More On Poetry Recitation
I’ve found a perfect opportunity to contrast the two styles of poetry recitation we have been talking about. This opportunity consists of finding a poem, ‘The Road Not Taken,’ (Robert Frost, of course) of which several readings are available on youtube.
The opportunity further consists of two really interesting facts.
1.) The video which represents the type of reading I do NOT prefer, is a skillful and attractive example of its kind. Meanwhile, the video which represent the type of reading I DO prefer, is not the best example of its kind. Can the superiority of the bard-like-style make itself felt even under these adverse conditions?
2.) Even though I feel there are flaws in the reading style of the second video, it is, nevertheless, a video of an acclaimed poet reading his own work. This is Robert Frost reading Robert Frost; a reading could hardly be more authoritative.
Frost’s style of recitation no doubt reflects his education. Robert Frost had a classical education – one which included traditional training in both literature and elocution. He learned to write poetry by mimicking the meter of the Greek and Latin poetry he had studied in high school, reproducing it with American colloquial speech patterns. Although Frost eventually became faculty at several colleges, he himself didn’t finish college. And yet, he was not un-academic: he had been co-valedictorian of his high school class (sharing the honors with his future wife, Elinor.) What we have then is a man and a poet of “the old school,” who persisted and gained honors in a new literary world that, nevertheless, was never really his world.
Here he reads in the epic style. The dying fall we often hear at the end of the line seems to me expressive of nothing other than, “I am currently reading a poem.” I don’t care for it. But the sing-song, the emphasis, the strong utterance, is unmistakable in style. Do you think his accent is interesting? Despite the fact that we often associate Robert Frost with New England, he grew up in California and lived for a long time in England.
Robert Frost is known for having written in a sort of melancholy faux-colloquial, so you could read any of his poems as an actor’s soliloquy if you were inclined to. It lends itself to the style of reading I am not recommending, as much as any style of poetry out there.
Here John C. Caitlin does a beautiful, impressional reading of our poem. It’s pretty intense and introspective, and will not fail to impress any hearer, I feel. The poem here is not so much recited as interpreted.
Thinking about this, I conclude it’s no wonder that contemporary poetic criticism is always talking about “the persona” of the poem. That person is, for us, really there – someone who stands between the author and the audience, having feelings and thoughts that the author didn’t indicated. He was, perhaps, created by modern methods of recitation. He is a new kind of response to a work of literature, one in which the reader abandons his role of receiving the poem and having a felt response to it, and tries, instead, to participate in the authority of the poet by adding his own layer of finishing content. He “interprets” the poem instead of speaking or hearing the poem. Thus, the persona is the projection of the reader’s vainglorious participation, not in the poem, but in the act of creating the poem. The modern reader refuses to respond, to receive. He wants instead to appropriate.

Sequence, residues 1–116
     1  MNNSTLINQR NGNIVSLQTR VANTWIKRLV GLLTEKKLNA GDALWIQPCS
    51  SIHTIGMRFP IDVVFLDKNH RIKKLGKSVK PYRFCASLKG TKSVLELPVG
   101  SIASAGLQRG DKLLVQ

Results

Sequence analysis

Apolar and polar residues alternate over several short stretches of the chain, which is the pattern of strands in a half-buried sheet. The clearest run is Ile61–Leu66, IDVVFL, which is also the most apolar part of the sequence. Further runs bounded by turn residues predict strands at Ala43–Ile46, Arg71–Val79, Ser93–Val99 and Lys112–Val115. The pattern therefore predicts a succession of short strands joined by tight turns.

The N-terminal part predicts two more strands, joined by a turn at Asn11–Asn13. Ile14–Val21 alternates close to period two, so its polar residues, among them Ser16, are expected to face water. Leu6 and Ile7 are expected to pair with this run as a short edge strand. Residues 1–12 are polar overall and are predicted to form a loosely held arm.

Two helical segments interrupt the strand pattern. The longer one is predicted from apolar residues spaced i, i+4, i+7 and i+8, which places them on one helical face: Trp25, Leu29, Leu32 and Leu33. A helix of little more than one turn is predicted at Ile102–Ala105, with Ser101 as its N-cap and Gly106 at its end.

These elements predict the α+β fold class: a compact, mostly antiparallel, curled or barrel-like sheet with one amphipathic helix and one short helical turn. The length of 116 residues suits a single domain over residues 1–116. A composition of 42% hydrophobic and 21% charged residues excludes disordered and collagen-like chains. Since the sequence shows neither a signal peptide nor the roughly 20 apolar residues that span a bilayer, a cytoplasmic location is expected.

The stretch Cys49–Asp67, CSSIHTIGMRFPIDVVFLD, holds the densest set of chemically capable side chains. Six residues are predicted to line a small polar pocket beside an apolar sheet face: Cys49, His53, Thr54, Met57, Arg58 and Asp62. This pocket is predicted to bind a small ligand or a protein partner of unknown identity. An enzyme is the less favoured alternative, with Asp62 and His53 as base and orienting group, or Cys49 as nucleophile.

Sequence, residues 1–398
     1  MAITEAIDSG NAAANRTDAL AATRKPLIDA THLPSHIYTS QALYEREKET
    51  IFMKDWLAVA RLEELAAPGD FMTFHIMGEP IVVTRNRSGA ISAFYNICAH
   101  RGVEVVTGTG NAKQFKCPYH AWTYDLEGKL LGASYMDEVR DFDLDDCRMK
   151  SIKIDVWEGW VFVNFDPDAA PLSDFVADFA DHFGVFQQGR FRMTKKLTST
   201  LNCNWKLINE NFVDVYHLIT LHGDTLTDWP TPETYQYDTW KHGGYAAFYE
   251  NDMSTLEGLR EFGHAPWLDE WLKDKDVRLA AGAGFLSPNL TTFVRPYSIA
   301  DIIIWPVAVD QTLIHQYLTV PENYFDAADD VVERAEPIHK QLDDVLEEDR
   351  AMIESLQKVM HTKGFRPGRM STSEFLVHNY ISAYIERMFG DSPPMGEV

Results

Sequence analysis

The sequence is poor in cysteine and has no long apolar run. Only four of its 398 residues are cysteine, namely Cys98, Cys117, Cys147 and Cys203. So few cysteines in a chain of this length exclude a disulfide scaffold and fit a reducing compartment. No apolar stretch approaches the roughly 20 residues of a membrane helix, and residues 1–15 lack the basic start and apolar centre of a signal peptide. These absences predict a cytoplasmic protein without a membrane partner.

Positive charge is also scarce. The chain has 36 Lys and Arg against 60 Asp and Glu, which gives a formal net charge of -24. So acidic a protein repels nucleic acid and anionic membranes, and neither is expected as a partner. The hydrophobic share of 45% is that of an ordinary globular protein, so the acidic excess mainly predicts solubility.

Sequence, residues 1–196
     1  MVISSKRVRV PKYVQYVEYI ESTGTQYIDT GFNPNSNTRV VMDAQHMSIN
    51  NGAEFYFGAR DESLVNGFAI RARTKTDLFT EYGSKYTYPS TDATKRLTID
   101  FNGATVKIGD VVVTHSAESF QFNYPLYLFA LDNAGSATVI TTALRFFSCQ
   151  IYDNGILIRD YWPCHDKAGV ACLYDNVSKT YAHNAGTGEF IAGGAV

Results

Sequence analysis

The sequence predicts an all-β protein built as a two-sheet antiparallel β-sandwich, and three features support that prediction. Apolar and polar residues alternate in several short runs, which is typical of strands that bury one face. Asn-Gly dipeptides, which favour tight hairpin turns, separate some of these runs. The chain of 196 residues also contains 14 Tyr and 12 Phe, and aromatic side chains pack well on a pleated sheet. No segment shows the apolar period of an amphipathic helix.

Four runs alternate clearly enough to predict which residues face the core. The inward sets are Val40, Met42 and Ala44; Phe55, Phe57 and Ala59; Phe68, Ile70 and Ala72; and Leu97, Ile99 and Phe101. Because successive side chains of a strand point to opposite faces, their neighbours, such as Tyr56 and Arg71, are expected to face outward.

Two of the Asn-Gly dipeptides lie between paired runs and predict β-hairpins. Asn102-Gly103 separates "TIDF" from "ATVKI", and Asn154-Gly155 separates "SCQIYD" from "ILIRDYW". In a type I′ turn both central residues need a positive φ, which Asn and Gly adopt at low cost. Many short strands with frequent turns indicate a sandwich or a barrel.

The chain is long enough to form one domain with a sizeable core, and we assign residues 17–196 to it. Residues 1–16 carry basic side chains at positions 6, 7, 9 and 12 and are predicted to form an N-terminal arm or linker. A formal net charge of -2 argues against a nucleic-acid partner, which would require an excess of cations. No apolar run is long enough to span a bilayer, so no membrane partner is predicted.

Perhaps some of the difference between modern poetry and older poetry is the fact that the modern poet now also sees a persona, an unreal intermediate interpreter, between himself and his reader. The modern poet has grown timid. He knows that his will not be the final word of his poem. A ghostly persona, the projection of the reader’s luciferic literary arrogance, will do with it what he will.
I imagine that any reader will now not be surprised when I sat that, despite the emotional attractiveness of the modern style, I’m more strongly endeared than ever, this day, to the manly, forthright, ringing, bardic style of recitation. Here, the poem is a physical thing, and expressive rather than an impressive thing. With traditional poetry read in a traditional style, the feeling, the response, is what I, the audiator, bring to the poem rather than something I expect the poem to bring to me. Here, the poem has an opportunity to be light, and the reader, an eye. Here, the poet’s workmanship and I interact directly.
By contrast, in the modern style the poem is merely a script for a performance, whether internal or external. I, the auditor, am a passive patient, lying open on the operation table, while the recitator (or the persona in my mind) like a surgeon, inserts some foreign heart into my chest. To me this is not life-giving but rather redundant, for I do not lack a healthy heart of my own with which to beat in time to the poem’s meter.
Give me that vibrating, throbbing, pulse – and I will come alive.
In short, I do not think that a poem, if it is really a poem, is an occasion for pathos, for catharsis. Stage plays and movies have that function. It is a function that I don’t disapprove of, but one which I am wary about. A person whose whole mental appetite is fixed on that cathartic, pathetic action of which a drama is the proper source, is a person who will gradually lose the ability to actively feel. He will feel everything passively, helplessly, and vicariously.
A poem is another thing: a thing which gives us as readers a chance to practice active, deliberate feeling. To refer to another of our favorite subjects, in the natural relationship between literature and audience, the poem requires a masculine response. In stage plays and movies, the drama requires a feminine response.